And this brings me to what I believe is the core of the issue. The day after I began thinking about all of this in a new way, I was in a frustrating situation with my daughter. I could feel my annoyance rising. I could feel that I was about to start saying things I shouldn’t say. I knew I had just determined that in situations like these, I would walk away and pray, so I left and closed the door to my bedroom. But I didn’t pray right away. I sat on my bed for a minute and tried to pull myself together, without asking God’s help. Then I reluctantly started praying- and realized something crucial.
I didn’t want to pray. Praying meant I had to humble myself. Praying meant I had to admit that I was reacting wrongly. Praying meant that I had to ask for self control because I didn’t possess it on my own. It’s easier to yell. It’s easier to unleash an angry tirade.
So maybe this was the problem all along- not that I didn’t know what to do, but that I didn’t have the humility or willingness to do it. In the midst of parenting frustrations, we must employ humility and self control- probably two of the hardest attributes in the world to master. Our pride, arrogance, and superiority complex over our children keep us from remembering that we’re no better than them; we’re just bigger and older. We are in need of God’s grace every bit as much as they are. We sin every single day, just like they do. We are so self-centered and prideful, we forget that Jesus humbled himself by becoming human and enduring a shameful and excruciating death, so that as believers, we would have the privilege to call on Him for the wisdom, patience, and strength that we don’t have on our own.
Without immersing ourselves in Scripture, we won’t even know what biblical wisdom and godly responses are. I love to read, so I’ve been pretty good at keeping up with my daily Bible reading plan. But I was failing to take into account how much prayer and preparation I would need to do, and that I would need to do it when I’m not already in the midst of problematic situations or in the heat of the moment. Being intentional means thinking and praying about my attitudes and potential conflicts before they happen and deciding how I will respond before I’m even in the situation, so that when the time comes, I am prepared. It means being aware enough of my own emotions to know when I need to step away from my kids. It means being humble enough to ask for God’s help when I’m angry or tired or confused or exasperated. And it means doing that everyday, repeatedly.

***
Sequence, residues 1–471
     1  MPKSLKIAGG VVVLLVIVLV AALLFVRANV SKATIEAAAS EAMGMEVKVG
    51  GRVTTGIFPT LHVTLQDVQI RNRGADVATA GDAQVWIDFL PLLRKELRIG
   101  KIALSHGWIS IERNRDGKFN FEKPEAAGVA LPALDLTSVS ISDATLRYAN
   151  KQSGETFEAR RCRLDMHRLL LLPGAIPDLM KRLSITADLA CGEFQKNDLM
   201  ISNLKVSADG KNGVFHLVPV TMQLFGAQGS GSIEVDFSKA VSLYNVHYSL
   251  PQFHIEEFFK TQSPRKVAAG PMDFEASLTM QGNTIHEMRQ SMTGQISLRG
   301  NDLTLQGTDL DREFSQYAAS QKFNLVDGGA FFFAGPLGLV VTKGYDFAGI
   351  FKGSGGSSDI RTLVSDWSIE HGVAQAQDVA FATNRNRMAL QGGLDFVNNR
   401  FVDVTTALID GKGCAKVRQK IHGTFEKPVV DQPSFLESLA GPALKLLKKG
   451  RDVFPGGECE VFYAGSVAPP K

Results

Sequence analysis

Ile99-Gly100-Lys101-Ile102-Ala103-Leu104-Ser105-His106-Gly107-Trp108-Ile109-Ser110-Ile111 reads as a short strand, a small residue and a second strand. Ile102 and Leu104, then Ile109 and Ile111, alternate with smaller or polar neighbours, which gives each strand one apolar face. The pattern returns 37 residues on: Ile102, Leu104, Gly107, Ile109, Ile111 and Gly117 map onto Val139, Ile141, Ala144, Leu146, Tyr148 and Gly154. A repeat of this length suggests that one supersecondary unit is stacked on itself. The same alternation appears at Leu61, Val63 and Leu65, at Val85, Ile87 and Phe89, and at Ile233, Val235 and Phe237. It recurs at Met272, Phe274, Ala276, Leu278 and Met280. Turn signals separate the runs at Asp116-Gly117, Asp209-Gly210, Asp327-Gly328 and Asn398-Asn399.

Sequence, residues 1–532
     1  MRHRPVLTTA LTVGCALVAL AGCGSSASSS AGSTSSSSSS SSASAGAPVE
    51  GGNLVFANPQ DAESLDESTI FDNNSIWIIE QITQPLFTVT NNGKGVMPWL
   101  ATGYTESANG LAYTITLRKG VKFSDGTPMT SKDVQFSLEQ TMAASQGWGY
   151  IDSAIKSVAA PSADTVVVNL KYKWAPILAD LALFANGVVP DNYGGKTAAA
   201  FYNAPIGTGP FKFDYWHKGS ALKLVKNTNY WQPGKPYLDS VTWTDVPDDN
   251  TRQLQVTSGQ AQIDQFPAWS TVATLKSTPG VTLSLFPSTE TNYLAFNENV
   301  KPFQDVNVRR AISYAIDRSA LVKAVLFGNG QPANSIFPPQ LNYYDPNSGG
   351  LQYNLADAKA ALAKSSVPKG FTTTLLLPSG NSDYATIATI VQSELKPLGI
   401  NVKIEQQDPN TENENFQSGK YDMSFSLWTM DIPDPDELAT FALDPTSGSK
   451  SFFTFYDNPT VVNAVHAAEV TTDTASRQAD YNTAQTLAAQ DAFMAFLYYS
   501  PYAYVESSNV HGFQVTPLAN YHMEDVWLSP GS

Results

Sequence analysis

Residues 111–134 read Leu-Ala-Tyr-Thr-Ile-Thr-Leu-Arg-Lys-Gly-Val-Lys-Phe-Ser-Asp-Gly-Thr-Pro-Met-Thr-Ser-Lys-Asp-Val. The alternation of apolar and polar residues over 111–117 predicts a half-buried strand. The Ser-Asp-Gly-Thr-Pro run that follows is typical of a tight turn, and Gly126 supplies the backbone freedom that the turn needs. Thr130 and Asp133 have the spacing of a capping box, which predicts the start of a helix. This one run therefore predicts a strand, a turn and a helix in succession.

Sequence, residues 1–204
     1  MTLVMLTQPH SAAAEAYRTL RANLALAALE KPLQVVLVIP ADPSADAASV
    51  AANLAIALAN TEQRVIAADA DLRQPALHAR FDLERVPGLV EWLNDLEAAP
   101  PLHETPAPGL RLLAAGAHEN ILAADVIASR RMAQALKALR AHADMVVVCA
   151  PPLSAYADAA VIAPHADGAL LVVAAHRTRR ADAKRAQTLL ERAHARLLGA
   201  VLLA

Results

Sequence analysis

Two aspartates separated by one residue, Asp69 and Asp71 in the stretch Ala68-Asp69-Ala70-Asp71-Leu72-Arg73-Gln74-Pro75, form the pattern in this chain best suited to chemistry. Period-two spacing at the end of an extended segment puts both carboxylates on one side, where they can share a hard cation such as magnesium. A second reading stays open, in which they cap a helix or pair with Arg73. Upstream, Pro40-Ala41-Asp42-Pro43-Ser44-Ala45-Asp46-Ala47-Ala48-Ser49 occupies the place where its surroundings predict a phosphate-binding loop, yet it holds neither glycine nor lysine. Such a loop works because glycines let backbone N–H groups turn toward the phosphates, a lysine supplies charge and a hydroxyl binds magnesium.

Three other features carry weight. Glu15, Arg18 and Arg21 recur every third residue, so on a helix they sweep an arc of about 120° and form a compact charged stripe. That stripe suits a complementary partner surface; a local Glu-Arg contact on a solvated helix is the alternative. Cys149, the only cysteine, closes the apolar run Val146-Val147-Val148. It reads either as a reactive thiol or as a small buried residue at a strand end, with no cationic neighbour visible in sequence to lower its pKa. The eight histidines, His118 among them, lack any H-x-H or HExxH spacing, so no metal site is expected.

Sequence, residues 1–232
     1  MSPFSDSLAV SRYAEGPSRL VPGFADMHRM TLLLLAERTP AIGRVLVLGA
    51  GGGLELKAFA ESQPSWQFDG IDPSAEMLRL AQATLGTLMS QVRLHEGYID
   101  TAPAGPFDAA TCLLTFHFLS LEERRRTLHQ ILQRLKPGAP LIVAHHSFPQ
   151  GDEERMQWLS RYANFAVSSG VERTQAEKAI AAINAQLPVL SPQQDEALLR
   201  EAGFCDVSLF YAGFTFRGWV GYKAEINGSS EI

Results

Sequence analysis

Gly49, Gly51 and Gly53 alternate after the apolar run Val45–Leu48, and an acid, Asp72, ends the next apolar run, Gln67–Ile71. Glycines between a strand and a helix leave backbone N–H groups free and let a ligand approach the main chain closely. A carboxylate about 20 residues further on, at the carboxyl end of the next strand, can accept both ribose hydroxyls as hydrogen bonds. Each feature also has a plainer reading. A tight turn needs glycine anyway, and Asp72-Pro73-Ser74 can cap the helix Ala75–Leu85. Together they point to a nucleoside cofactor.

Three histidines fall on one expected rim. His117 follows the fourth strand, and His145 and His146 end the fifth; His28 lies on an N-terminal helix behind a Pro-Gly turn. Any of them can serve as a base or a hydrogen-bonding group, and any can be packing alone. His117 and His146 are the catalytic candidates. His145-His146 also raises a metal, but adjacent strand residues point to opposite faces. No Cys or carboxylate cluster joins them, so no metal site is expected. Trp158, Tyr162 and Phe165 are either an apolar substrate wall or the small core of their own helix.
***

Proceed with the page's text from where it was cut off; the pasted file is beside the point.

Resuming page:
The Apostle Peter understood the importance of this. In Mark 14:30, Jesus tells Peter that he will deny him. Peter responds, “If I must die with you, I will not deny you.” The other disciples agree. Yet only hours later, they all desert Jesus when he is arrested, and when push comes to shove, Peter does indeed deny Jesus. This experience may have been on his mind when he writes in 1 Peter 1:13-15, “Therefore, preparing your minds for action, and being sober-minded, set your hope fully on the grace that will be brought to you at the revelation of Jesus Christ. As obedient children, do not be conformed to the passions of your former ignorance, but as he who called you is holy, you also be holy in all your conduct.” In 1 Peter 5:8, he warns us about Satan’s attacks, saying again, “Be sober-minded; be watchful. Your adversary the devil prowls around like a roaring lion, seeking someone to devour.”